(D) On some occasions, it is hard to know when to compromise. Several years ago, Geron entered into a six?year agreement with the Roslin Institute in Scotland. As the Roslin Institute was best known for Dolly the cloned sheep, the EAB decided that we had better spend time thinking about ethical issues around somatic cell nuclear transfer. One of my colleagues felt strongly that any human organism created by SCNT should not be called an embryo. That colleague preferred to reserve the term embryo for human organisms created by sexual reproduction. I disagree. Personally, I believe that an organism created by SCNT is indeed an embryo. But rather than get stuck debating the term until forever and risk never getting around to discussing the remaining (and serious) ethical issues around SCNT, I chose to grit my teeth and accept - at least as a working hypothesis - the term fabricant.

7. Saying something significant
The National Commission for the Protection of Human Subjects spoiled me. It was a great group of people, and it was meaningful work. Further, I felt — and continue to feel — that we broke new ground. While Beauchamp and Childress were concurrently developing their understanding of ethical principles to undergird bioethics, the National Commission did a great deal to give voice to these principles. Indeed, our "Belmont" Report is a report about the principles themselves and I believe demonstrates that we were breaking new ground. Further, the recommendations of the Commission were turned into rules and regulations for human research that still are operative in large part today. So the work felt important and has had lasting legacy, both in terms of its concrete impact on medical and scientific practice and also in terms of its contributions to the ethics literature and conceptualization of ethical issues.

Can I say the same thing of my work in the State Department of Health or of the Geron EAB? Has the EAB broken new ethical ground? Have our pronouncements and our ongoing advice to the CEO of Geron been ethically sound and important? I'm not sure. I think the CEO of Geron had great expectations of us and was often disappointed at how much the field of ethics works by small incremental advances rather than by great big breakthroughs that change the way everyone thinks. In order to communicate well to the outside world, the EAB sometimes framed our work in the language of the four principles that have become rather enshrined through the work of Tom Beauchamp and James Childress. Our reliance on well?trodden ethical ground, however, caused Dr. Okarma, the CEO of Geron, to question whether we had done anything new or were offering any ethical breakthroughs. In general, I do not believe that 'ethics by committee' is likely to break stunning new ground, but I do believe that working with colleagues will clarify and challenge our own presuppositions, so that each person may in fact end up thinking new thoughts, even if those appear only as small increments on paper.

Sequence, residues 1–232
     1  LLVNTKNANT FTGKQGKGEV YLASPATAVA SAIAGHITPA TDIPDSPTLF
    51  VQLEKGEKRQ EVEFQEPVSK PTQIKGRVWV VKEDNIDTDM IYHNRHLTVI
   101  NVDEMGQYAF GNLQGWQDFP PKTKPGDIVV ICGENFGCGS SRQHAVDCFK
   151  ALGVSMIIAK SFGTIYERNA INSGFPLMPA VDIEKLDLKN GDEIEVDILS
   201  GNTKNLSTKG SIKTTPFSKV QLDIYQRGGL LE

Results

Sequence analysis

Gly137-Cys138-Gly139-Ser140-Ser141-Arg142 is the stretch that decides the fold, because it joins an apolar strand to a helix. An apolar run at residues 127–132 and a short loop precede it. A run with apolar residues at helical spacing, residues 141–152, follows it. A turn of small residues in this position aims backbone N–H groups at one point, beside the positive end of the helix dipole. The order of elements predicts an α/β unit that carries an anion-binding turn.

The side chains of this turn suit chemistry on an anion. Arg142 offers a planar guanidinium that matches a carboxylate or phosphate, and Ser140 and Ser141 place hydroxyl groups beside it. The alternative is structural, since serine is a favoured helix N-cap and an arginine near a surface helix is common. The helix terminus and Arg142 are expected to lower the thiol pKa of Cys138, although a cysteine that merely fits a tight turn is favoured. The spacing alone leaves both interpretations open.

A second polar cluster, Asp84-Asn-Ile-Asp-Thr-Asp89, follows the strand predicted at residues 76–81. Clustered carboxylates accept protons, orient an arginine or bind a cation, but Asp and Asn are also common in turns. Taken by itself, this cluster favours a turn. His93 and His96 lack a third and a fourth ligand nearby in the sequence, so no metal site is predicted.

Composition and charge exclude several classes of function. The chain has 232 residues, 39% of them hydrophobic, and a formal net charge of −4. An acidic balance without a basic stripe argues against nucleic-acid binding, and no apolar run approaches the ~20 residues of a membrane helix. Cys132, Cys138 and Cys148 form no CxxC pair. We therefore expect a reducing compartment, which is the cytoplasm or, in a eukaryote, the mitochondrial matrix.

8. De-railing other work!
At the point where I joined the EAB of Geron, I had just begun a major project in professional ethics for clergy. Right after I joined the EAB (and became its first chair), the discovery of human embryonic stem cells was announced. For the next 2 years, I found it difficult to do anything other than stem cells. I still have in the back of my mind a book on professional ethics that I would still like to write, but at present it is not written! Most consulting work would not be so dramatic. However, I can also say that when I served on the National Commission for the Protection of Human Subjects of Biomedical and Behavioral Research, for those four years I did little else and all of my writing was connected to the work of the Commission. So other projects lie fallow. Recently I discovered a little known song of Judy Collins, the first line of which is, "I have learned to love the fallow way," and that has become my temporary theme song!

JOYS:

So — being publicly attacked, working hard on things that don't always come to fruition, being either too secretive or not secretive enough — these are the kinds of things that I would say are among the frustrations of ethics advising. Why, then, do we do it? What are the rewards, or joys?

1. Making a difference
Academic life in general doesn't give one a sense of very concrete impact on the world. We like to think that our students will think better or know more when they leave us than when they began, and sometimes we see very real concrete growth though I often think it comes in small increments. By contrast, ethics consultation can — though I admit it doesn't always — result in very concrete impact. For example, one can be directly instrumental in either stopping research or giving a 'green light' to important research.

(A) Stopping Research:. At one point, the EAB raised serious questions about a piece of research that Geron was considering supporting. We did not say, "We disapprove of this research," nor did we directly request that the corporation not sponsor the research. However, the CEO heard our concerns, and the corporation backed off from that research. So we did feel that our ethical instincts were honored and our perspectives mattered. Was the proposed research unethical? I don't think so, but it bordered on interventions that would be troubling to many people and therefore I think it was wise not to proceed. Certainly, when the National Commission was doing its work, a great deal of research was done on prisoners, and much of that work came to a halt. (The prisoners would not always thank us for that - they often liked participating in the research programs, because they were treated better on the research units than on the regular wards. That is precisely why we thought the research should not go on, but our stopping of research would not have been popular with all the prisoners we interviewed.)